Freight shipping capacity constraints

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The NY Times has a story on shipping costs:

Fighting for freight, retailers are outbidding each other to score scarce cargo space on ships, paying two to three times last year’s freight rates — in some cases, the highest rates in five years. And still, many are getting merchandise weeks late.

The problems stem from 2009, when stores slashed inventory. With little demand for shipping, ocean carriers took ships out of service: more than 11 percent of the global shipping fleet was idle in spring 2009, according to AXS-Alphaliner, an industry consultant.

Carriers also moved to “slow steaming,” traveling at slower and more fuel-efficient speeds, while the companies producing containers, the typically 20- or 40-foot boxes in which most consumer companies ship goods, essentially stopped making them.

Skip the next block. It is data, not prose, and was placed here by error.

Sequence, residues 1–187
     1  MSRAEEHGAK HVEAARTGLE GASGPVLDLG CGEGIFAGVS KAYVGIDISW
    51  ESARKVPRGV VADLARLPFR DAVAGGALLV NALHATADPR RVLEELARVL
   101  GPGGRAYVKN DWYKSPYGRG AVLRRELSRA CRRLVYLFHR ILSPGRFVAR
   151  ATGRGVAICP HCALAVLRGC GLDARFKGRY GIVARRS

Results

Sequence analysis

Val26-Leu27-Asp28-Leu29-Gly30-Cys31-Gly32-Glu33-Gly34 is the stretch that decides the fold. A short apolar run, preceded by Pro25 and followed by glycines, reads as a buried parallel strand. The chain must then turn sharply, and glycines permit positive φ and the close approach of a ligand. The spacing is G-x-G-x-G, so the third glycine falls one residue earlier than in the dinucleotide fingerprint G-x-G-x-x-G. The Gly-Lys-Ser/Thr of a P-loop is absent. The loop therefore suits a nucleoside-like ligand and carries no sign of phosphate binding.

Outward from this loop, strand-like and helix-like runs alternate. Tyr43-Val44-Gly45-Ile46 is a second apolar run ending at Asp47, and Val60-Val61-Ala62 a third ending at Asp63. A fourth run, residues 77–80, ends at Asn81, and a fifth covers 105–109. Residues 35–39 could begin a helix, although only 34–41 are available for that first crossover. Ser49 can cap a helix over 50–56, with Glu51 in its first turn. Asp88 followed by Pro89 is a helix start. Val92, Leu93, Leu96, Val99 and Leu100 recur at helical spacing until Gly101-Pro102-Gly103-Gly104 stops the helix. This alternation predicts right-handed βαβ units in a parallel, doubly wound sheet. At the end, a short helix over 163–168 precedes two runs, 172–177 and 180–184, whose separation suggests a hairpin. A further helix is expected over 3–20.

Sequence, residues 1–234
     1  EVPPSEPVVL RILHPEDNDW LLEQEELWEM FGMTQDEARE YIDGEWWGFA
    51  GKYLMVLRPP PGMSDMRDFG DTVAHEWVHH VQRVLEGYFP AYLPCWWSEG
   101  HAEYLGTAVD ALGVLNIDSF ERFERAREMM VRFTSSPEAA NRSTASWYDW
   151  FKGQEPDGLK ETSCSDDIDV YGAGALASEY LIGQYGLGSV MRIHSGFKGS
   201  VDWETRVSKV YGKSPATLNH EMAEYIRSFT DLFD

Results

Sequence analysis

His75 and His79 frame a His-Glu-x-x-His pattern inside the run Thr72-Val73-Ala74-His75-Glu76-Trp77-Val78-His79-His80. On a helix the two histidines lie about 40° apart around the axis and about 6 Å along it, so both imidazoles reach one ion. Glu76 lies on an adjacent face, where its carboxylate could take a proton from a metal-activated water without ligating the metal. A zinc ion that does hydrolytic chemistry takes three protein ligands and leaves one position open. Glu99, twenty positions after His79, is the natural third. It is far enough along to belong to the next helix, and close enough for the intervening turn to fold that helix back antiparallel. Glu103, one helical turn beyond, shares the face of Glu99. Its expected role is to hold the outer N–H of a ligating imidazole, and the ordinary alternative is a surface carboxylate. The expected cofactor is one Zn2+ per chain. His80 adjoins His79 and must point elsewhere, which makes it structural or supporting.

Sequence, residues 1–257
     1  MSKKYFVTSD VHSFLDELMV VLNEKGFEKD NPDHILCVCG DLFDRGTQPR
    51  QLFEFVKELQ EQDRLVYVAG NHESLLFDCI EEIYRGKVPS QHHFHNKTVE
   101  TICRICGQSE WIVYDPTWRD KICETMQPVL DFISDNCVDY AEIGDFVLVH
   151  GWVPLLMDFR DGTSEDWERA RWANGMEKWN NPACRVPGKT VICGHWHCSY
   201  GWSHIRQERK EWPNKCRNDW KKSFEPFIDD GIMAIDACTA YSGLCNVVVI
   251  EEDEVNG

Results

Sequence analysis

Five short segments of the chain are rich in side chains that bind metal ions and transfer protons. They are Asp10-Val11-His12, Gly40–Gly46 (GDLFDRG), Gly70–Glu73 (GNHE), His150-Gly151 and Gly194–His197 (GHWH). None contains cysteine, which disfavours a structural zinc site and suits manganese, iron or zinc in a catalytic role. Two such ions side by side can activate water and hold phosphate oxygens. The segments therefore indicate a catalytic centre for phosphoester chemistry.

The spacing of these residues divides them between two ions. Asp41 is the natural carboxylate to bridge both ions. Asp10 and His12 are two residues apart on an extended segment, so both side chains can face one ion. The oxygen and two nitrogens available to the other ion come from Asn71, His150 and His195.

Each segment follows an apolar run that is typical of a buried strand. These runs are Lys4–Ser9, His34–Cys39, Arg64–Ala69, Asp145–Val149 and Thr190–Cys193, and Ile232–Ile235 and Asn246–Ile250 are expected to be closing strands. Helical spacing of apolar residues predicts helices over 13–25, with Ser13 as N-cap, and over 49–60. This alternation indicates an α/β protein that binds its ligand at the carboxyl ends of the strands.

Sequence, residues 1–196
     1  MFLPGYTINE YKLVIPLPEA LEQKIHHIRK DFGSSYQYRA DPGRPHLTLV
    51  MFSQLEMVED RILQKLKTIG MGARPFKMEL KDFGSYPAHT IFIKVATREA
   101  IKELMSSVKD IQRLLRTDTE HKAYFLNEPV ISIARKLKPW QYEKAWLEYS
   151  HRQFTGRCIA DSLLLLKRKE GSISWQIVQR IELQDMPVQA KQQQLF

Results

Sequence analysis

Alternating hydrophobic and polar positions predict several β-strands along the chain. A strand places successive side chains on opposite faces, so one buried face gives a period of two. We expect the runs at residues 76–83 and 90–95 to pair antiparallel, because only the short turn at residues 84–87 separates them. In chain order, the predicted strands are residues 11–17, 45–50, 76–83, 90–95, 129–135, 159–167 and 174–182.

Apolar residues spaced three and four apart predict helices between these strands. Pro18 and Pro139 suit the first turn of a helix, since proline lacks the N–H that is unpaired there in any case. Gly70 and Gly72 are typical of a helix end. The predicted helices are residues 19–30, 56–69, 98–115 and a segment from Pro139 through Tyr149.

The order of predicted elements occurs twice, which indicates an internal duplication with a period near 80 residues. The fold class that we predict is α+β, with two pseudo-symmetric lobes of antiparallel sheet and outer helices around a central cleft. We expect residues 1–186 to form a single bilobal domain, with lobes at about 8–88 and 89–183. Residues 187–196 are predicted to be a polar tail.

With freight rates that high, why isn’t the idle portion of the fleet coming back into service?

The shipping companies slowly added ships back into the system early this year, but they did so haltingly, not wanting to add too much supply and risk having their rates fall. (Major carriers largely hew to the rates set by carrier groups, which are allowed to discuss and set voluntary rates, under antitrust immunity.)…

Because of slow steaming, which takes containers out of the system for a longer period of time, and because places like Russia and India began to demand container space, finding something to ship goods in, much less space on a ship, has been problematic.

“There aren’t enough actual containers, so therefore, even if the vessel capacity situation is easing up a little bit,” said Peter Tirschwell, senior vice president for strategy at The Journal of Commerce, “you now have equipment that people can’t get.”

[HT: Seb]

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